What hospitals and other healthcare facilities need to know about patients exempt from COVID-19 vaccination requirements

Paula Trattner, Aislinn E. Reid, Emilie Dillon, and Amanda Arella are the authors.

Sep 28, 2021

Directive #6 under Section 77 issued by the Chief Medical Officer of Health on August 17, 2021 By September 7, 2021, healthcare facilities that fall under Section 7 of the Health Protection and Promotion Act) (the Vaccine Directive) must have implemented COVID-19 vaccination policies for their employees, staff, contractors, students, and volunteers. [1] The Vaccine Directive was previously summarized in an Osler Update.

Many Covered Organizations have implemented mandatory vaccination policies requiring all employees and professional staff to be vaccinated, despite the fact that the Vaccine Directive does not mandate such vaccinations. Covered Organizations have determined that mandatory vaccination is necessary to protect patients, staff, and visitors, and to enable continued delivery of healthcare given the unique risks and obligations of Covered Organizations generally and during the COVID-19 pandemic.

Medical documentation or a legally recognized exemption under the Ontario Human Rights Code (the Code) may be used to gain exemption from vaccination requirements. Covered Organizations should follow these procedures when evaluating requests for human rights and medical exemptions, as the scope of these exemptions is likely to be narrow.

For reasons of health

There will not be many cases of people not getting the COVID-19 vaccine because of medical reasons. To be exempt from getting the COVID-19 vaccine, a person must have a medical reason that can be proven. According to recommendations published by the College of Physicians and Surgeons of Ontario (CPSO), the risks of getting vaccinated against COVID-19 are outweighed by the benefits.

  • severe allergy or anaphylaxis confirmed by an allergist or immunologist to any component of the COVID-19 vaccine or to a previous dose
  • Myocarditis and pericarditis were identified as causes of hospitalization following administration of an mRNA vaccine.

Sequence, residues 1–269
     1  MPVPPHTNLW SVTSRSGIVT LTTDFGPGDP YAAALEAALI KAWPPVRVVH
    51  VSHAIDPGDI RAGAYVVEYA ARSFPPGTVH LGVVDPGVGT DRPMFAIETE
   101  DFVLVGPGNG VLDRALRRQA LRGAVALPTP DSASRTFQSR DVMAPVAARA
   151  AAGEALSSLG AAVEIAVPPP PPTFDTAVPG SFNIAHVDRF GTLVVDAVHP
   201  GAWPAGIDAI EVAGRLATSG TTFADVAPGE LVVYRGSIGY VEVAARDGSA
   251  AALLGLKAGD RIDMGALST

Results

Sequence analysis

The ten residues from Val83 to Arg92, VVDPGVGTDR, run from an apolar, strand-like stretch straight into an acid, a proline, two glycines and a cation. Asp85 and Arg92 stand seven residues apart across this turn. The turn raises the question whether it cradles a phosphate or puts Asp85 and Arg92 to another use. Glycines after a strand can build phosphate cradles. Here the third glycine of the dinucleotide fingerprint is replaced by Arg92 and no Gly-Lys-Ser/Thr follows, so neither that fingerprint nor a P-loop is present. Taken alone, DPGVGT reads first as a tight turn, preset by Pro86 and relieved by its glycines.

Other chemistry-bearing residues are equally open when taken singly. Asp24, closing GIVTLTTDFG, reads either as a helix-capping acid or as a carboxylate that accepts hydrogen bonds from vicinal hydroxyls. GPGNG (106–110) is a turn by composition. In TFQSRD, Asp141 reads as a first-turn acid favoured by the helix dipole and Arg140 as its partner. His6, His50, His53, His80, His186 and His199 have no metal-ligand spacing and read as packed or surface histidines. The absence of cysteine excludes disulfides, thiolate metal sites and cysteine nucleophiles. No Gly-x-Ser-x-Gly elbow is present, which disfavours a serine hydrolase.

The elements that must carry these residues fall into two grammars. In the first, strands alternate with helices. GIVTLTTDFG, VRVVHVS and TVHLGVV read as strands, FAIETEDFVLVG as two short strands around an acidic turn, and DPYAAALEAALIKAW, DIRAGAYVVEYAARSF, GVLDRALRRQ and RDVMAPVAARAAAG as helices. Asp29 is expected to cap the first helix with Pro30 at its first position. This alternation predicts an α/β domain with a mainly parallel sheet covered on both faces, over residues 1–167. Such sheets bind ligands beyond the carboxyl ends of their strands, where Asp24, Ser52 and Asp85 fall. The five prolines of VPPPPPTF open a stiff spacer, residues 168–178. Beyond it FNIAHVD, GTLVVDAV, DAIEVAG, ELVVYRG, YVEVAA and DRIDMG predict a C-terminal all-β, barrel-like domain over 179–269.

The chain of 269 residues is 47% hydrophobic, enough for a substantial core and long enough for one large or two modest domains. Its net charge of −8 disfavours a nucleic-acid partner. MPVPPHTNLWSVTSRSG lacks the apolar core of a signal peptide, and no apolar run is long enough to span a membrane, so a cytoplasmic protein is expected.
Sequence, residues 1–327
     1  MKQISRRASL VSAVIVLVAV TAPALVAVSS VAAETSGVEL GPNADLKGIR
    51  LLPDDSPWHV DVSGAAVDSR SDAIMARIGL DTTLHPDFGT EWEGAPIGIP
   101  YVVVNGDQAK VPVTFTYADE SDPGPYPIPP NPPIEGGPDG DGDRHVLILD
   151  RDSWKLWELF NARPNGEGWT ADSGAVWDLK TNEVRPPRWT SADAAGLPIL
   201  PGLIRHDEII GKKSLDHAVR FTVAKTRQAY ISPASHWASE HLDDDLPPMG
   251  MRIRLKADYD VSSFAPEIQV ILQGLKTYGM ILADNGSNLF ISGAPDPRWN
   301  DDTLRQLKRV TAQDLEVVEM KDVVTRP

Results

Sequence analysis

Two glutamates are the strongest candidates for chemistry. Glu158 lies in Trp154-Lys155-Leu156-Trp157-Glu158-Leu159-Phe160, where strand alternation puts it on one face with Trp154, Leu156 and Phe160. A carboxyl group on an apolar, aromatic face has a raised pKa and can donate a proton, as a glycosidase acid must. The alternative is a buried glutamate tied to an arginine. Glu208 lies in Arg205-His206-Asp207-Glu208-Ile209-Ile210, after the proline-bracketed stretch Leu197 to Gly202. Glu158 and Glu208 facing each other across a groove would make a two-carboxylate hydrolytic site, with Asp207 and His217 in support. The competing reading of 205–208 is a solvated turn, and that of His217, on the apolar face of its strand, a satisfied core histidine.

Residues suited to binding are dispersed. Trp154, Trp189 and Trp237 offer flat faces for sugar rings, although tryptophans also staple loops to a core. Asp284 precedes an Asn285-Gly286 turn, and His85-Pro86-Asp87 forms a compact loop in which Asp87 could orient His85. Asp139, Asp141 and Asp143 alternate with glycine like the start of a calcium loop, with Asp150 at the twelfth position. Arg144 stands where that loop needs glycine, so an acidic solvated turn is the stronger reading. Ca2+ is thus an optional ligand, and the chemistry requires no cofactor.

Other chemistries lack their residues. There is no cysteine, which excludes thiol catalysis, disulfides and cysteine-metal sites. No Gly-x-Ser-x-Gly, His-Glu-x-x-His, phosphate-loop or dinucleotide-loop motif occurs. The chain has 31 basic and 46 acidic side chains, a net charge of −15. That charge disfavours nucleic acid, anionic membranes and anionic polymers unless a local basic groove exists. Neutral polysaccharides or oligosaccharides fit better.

The CPSO has also stated that doctors should not be required to provide exemption documentation if the patient requesting the exemption does not have a valid medical reason for the exemption due to the current pandemic situation. [2]

All requests for medical exemptions should be carefully considered by Covered Organizations, and supporting documentation should be required. Covered Organizations may require supporting documentation from a specialist physician for medical exemption requests due to the low prevalence of conditions warranting exemption from the COVID-19 vaccination. In addition, Covered Organizations should think about the duration of any medical exemptions they provide.

Guarantees of human rights

In cases where a person is not able to be vaccinated due to a reason that is covered by the Code, they may be eligible for an exemption from receiving the COVID-19 vaccine. [3]

Requests for religious exemptions to vaccination requirements under the Human Rights Act will predominate. Creed in the Code can refer to both religious and nonreligious beliefs that have religious overtones. A person's professed religion must, among other things, have ties to a larger group with a similar set of beliefs. A person claiming a religious or moral exemption from vaccination for COVID-19 must provide verifiable evidence that their faith forbids them to get vaccinated. Vaccination against COVID-19 has been strongly recommended by many respected religious leaders and public health officials. Furthermore, an exemption cannot be justified on the basis of a person's preference or philosophical objection to vaccination. The Ontario Human Rights Commission made a policy statement on September 22, 2021, which read: "while the Code prohibits discrimination based on creed, personal preferences or singular beliefs do not amount to a creed for the purposes of the Code." ”